In case you weren’t already aware of this fact, It Follows is one of the best horror films ever made. Though it may not be the heavy hitter some of the old classics are yet, it’s certainly among the best of the decade; contending with other greats like Get Out, Cabin in the Woods, and The Conjuring. If anyone tries to tell you this film is not as good as I say it is, they’re wrong. Hey, I didn’t promise an unbiased look at each of these films!
What is there not to love about this 2014 film from writer/director David Robert Mitchell? I dare you to think of something. Anything. What could you possibly dislike about it? I’m at a loss.
It can’t be its cinematography — this film is one gorgeous shot after another. The composition of each frame is so thoughtfully laid out. As I was planning what stills to include in this post I found myself already grabbing about twenty different ones without even a second thought. With so many incredible shots, the film could easily be a coffee table book that you just casually flip through in celebration of cinematographer Mark Gioulakis. Though I want to show you a bunch of them, I’ll settle for sharing the ones in this post and naming some of my other favorite moments.
Any time there’s a close up of Jay (Maika Monroe)’s hands, it’s brilliant. Whether it’s the above still or her placing blades of grass so carefully on her leg, the shots are gorgeous and deceptively simple There’s also her hands as she runs her fingertips through the water in the finale sequence of the film or her fingertips curled into her knees as she sits wrapped up in a blanket, with red nails a stark contrast to the white of her skin. If you have a Tumblr, check out this great set with each of these moments. There’s also the group shots by the seashore or Jay standing outside of the house where Hugh/Jeff (Jake Weary) has been living. I digress. Overall, the film is a masterclass of how to construct an image, demonstrating all those concepts your visual aesthetics professor was trying to teach you back in film school in a modern, tangible way.
What else could someone possibly conceive as a fault to this flawless film? Perhaps its story since the concept is so beautifully simple. It Follows is a claustrophobic film about one woman’s shocking discovery that having sex has left her marked for death by a shapeshifting being that slowly stalks her. The most terrifying part of this creature is that it can, and does, take the shape of anyone which makes every person in the frame a potential “it.” There’s not really too many jump scares in the story, but it doesn’t need that to keep you engaged. The mind games that the creature plays with Jay combined with the paranoia gives this film some truly incredible atmosphere that, even on my fourth watch, still makes my skin crawl. There’s also so many small parts of the story that are easily missed that I didn’t even really pick up until I stumbled upon this article from Thought Catalog. If you haven’t seen the film definitely don’t go read that, but if you have, give it a read. It’s an interesting look at another layer to the story that brings into context some pieces from the finale.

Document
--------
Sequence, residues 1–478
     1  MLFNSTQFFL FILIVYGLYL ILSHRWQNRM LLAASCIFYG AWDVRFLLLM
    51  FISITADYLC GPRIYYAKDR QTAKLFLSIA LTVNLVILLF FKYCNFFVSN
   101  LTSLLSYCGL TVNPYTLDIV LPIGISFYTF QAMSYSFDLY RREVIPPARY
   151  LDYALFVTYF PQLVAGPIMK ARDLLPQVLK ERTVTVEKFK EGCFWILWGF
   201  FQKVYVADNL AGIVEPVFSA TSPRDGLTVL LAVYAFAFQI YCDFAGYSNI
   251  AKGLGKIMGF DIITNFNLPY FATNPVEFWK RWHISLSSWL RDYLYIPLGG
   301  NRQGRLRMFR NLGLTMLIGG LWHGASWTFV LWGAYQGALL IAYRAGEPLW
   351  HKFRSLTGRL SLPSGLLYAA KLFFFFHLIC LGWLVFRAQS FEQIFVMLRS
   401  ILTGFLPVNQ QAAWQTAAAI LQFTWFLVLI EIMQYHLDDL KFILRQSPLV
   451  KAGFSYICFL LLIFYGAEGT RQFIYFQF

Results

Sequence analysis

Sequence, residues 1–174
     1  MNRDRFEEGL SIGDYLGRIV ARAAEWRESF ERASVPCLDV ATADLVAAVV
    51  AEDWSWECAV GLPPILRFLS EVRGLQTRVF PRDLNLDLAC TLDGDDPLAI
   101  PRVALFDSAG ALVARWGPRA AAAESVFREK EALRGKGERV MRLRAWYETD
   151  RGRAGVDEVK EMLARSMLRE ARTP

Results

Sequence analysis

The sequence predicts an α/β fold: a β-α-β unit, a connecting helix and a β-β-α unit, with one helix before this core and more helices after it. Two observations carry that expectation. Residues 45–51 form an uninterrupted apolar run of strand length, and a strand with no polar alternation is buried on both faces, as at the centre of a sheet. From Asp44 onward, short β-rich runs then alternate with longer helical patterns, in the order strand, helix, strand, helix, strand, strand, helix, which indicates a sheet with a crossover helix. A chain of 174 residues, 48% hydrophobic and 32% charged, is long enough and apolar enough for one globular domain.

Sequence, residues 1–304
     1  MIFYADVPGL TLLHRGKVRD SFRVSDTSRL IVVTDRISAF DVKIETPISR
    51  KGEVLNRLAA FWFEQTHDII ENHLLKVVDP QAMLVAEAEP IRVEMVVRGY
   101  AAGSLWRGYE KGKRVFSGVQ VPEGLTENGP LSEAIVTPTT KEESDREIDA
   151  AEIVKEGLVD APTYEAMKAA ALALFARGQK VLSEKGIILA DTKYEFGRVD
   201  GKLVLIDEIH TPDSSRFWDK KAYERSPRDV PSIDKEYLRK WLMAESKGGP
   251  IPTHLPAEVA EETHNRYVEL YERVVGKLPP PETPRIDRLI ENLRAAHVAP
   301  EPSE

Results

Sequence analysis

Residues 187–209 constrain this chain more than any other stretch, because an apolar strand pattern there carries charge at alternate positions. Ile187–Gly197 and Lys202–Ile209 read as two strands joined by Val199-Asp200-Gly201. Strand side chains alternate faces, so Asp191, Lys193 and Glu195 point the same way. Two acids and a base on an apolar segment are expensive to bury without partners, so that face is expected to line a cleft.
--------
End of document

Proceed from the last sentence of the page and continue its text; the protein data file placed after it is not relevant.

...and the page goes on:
That article also brings up another really intriguing part of the film — its overall aesthetic. The film has a decidedly 80s vibe to it thanks in no small part to its score from Disasterpeace but not all of the elements seem to match that. Some house interiors are old with flowery wallpaper and black and white photos like Jay’s house.
Their clothing has a lot of modern elements but why are they always watching old black and white films on their clunky televisions? What time period is this that no one uses a cell phone but Yara (Olivia Yuccardi) has this tiny shell phone reader? It wasn’t until I read that article above that I was able to say “wow, that is really odd.” The time displacement adds some uncomfortable tension for your brain as you try to riddle out the film and you never quite know where or when you are. Like most parts of this film, it’s kind of brilliant when you think about it.
It Follows is, for me, a masterpiece with so many threads I’m sure I have yet to even notice are there to unravel. If you’ve never given the film a shot because you value the opinion of people like Quentin Tarantino (whose version of the film I’m sure I would have hated in comparison) then maybe rethink your position and give it a shot. You won’t regret it.